When legislative leaders left St. Paul before the Fourth of July, it looked like the prospects for a special session to pass revised Tax and Bonding bills were dead. Just after the Fourth of July, the Governor met with House Speaker Kurt Daudt and suddenly talks of a special session re-emerged. On July 15, Governor Dayton, Speaker Daudt and Senate Majority Leader Tom Bakk met formally and now the prospects of a special session are looking much better.
Earlier in June, Governor Dayton and the House GOP wanted to add items to the laundry list for a special session, but both sides appear to have dropped those additional items, thus clearing the way toward a special session.
All three parties agreed they needed to wait until the national political party conventions pass along with the August 9 primary election in Minnesota. They’re currently eyeing late August as a potential window of opportunity to bring all 201 legislators back to St. Paul. All state legislators are up for election this November and many are feeling the pressure to tell voters they accomplished something instead of telling them they wished they had.
Orders of Business?
At stake is a tax cut bill with many provisions, but of specific interest to rural education is one that would drive property tax relief to agricultural land for the taxes they pay on school bonds. This is a major issue for rural education and would ease the conversation local districts have with their farms groups when it comes time to talk about bonds for facilities.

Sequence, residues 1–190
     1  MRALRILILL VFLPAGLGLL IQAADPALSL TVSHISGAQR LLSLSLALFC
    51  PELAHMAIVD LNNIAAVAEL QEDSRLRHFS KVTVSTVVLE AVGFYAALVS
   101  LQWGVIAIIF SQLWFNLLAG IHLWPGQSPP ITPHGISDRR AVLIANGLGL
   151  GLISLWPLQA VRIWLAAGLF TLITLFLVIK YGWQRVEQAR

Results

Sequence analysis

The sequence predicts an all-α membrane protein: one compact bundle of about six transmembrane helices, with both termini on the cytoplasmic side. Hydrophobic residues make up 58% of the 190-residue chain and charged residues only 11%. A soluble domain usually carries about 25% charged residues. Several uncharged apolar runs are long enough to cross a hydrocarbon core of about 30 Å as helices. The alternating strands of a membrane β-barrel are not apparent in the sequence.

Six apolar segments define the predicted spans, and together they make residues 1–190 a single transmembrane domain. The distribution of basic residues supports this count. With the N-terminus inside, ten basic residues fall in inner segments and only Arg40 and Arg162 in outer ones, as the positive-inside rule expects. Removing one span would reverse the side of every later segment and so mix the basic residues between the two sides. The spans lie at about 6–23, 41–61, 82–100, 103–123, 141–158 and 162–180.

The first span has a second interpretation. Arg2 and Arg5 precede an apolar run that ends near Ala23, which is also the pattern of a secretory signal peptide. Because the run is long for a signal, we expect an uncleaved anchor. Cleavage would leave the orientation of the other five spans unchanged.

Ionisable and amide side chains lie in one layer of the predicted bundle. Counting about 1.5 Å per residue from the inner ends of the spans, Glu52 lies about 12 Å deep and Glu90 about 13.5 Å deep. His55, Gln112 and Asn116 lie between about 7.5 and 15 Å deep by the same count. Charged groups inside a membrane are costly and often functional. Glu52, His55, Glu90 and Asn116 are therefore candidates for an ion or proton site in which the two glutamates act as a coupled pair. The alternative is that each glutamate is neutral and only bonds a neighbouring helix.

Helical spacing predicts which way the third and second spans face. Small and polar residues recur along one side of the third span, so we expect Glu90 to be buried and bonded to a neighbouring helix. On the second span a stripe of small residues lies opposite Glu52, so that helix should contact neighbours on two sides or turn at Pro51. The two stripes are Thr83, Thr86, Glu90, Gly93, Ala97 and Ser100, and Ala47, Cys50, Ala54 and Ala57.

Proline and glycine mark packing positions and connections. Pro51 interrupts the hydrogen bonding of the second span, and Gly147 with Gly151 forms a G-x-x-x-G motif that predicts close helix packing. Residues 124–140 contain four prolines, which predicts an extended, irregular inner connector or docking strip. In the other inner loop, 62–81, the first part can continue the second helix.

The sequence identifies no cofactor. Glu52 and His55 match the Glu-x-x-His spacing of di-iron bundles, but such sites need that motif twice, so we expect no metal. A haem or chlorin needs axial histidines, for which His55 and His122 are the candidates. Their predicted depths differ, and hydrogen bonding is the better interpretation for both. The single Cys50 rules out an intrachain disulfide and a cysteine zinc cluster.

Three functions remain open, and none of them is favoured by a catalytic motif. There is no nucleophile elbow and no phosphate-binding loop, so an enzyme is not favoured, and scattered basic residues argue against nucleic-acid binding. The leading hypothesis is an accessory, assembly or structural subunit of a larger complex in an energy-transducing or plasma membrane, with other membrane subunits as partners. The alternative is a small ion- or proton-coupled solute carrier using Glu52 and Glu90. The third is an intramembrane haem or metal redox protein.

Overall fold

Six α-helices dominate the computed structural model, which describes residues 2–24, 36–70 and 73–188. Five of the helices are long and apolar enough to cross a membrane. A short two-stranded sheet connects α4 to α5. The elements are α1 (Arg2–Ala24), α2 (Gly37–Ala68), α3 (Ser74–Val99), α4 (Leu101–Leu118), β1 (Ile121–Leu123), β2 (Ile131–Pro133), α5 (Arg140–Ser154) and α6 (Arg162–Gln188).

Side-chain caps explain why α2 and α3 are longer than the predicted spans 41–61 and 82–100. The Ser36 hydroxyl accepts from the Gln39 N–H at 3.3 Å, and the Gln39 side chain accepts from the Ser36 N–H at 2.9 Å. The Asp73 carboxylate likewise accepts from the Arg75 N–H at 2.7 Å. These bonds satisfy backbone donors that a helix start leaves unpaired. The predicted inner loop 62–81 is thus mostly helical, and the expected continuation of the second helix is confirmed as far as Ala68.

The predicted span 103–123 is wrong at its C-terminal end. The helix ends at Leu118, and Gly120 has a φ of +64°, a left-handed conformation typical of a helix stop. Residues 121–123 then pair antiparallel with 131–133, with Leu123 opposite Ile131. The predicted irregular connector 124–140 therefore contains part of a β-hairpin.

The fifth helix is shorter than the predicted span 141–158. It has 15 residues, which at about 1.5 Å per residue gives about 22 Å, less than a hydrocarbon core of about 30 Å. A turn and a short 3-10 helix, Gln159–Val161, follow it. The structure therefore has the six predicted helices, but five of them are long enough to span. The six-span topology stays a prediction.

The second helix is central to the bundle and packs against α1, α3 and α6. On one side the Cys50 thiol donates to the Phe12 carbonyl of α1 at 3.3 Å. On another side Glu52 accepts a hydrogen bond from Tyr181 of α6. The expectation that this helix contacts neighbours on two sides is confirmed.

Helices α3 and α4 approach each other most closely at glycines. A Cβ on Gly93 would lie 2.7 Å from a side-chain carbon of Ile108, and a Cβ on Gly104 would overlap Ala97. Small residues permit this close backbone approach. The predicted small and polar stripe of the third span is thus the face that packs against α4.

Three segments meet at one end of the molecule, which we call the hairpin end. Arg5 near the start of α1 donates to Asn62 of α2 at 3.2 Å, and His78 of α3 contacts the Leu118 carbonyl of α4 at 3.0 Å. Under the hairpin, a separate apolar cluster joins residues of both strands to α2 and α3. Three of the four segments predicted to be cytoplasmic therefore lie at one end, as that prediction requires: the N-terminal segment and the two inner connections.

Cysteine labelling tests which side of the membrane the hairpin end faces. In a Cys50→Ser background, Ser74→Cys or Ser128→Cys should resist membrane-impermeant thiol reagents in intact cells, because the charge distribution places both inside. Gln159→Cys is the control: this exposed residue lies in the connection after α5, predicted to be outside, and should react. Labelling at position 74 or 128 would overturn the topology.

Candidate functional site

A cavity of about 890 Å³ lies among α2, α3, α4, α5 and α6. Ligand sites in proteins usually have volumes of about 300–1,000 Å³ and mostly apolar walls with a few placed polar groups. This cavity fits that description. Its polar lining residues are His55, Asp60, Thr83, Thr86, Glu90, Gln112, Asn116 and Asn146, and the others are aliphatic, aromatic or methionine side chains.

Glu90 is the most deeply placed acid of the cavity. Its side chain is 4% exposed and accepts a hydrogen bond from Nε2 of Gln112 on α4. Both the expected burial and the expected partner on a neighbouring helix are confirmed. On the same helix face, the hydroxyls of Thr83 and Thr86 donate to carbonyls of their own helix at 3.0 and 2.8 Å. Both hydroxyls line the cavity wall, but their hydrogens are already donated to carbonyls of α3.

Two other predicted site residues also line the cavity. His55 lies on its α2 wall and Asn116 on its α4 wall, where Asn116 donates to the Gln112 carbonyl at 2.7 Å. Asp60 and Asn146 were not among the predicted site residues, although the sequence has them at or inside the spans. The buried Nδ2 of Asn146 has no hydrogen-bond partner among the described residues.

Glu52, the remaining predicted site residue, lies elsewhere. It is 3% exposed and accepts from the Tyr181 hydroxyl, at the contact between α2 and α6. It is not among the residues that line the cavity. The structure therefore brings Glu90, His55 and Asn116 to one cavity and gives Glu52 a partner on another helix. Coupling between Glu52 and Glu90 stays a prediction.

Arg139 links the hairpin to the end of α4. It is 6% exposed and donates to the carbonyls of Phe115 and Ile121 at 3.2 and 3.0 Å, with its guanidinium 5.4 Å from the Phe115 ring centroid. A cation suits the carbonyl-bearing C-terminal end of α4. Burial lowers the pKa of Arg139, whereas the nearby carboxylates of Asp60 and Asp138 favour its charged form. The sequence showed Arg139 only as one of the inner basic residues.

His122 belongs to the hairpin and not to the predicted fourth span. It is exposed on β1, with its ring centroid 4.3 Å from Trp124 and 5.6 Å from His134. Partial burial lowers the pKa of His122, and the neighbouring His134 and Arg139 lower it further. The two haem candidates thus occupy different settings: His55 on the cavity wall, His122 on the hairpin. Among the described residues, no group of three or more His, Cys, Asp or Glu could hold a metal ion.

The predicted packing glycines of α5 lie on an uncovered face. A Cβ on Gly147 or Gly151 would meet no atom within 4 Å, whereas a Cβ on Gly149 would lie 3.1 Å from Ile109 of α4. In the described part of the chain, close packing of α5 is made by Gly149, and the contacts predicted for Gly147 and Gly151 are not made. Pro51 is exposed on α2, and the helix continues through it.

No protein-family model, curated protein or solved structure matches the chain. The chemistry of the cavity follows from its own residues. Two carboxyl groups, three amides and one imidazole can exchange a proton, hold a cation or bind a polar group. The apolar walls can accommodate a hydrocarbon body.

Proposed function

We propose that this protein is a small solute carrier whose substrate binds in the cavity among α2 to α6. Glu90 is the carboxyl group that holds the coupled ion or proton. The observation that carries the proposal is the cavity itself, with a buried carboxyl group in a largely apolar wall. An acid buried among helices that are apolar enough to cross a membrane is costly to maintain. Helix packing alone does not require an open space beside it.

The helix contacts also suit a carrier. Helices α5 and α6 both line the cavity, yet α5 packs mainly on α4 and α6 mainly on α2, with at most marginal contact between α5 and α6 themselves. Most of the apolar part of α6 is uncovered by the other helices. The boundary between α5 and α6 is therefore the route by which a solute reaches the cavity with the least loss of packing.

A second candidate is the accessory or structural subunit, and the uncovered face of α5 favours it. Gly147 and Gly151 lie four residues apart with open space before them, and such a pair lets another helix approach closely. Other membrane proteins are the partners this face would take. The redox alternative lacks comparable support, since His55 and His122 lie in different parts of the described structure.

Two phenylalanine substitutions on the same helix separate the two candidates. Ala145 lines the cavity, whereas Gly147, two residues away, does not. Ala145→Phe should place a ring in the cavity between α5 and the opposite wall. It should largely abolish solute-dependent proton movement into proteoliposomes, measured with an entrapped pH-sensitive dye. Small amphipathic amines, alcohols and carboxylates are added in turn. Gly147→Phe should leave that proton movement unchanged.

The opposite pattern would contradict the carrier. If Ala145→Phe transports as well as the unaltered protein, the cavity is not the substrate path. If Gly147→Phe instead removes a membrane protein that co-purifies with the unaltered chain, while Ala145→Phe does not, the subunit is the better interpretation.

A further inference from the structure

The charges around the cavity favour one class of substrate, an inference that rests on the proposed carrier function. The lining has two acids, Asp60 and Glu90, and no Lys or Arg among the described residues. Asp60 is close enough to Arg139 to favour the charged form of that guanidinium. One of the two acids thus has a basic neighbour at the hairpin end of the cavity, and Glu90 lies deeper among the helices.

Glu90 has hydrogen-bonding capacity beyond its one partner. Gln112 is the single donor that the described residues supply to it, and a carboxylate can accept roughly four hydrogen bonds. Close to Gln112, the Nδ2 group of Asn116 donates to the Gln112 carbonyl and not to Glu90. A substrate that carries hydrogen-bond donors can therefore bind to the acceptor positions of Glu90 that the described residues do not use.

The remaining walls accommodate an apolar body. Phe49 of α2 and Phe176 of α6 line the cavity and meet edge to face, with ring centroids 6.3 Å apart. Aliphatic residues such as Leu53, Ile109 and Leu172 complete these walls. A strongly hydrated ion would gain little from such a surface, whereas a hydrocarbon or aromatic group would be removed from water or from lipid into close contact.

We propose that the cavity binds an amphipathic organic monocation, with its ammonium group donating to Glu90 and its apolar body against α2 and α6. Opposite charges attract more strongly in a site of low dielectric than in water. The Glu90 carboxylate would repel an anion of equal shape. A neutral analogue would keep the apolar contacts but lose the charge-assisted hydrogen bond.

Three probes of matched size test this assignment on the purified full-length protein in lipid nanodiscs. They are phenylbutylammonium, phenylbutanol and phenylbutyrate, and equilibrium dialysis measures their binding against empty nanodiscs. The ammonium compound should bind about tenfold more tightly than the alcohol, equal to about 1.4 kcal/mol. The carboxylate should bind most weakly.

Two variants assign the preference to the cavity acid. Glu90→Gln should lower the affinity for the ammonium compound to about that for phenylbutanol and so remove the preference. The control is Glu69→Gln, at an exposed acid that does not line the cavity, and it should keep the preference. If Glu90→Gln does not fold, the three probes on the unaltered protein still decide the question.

A $1 billion or more bonding bill is also at stake and includes many local projects across Minnesota. Your train ride from downtown Minneapolis to Eden Prairie appears to be the last hurdle at this point. The emerging consensus is to give Hennepin County additional bonding authority so they can decide if they want to put up the $135 million in non-federal matching funds for the Southwest light rail line.
Rural legislators, while not generally fans of light rail trains, could hold their nose and allow the metro to take care of their own business and move this process along.
Each special sessions is unique and there are always particular circumstances that drive them and their timing.
Historically, special sessions have been used to address disaster relief for communities who faced weather related storm damage. One special session in 1981, as the economy was in a nose dive, took place in early January when a newly elected legislature was coming into regular session.
More recently we’ve seen special sessions used to extend the legislative decision-making clock on major budget bills as they run up to the June 30 fiscal year deadline.
That’s not the case with the tax and bonding bills this summer. Neither needs to pass in order to keep state government up and running. Still, both bills are important to a broad range of bipartisan interests and it would do Minnesotans well to pass them.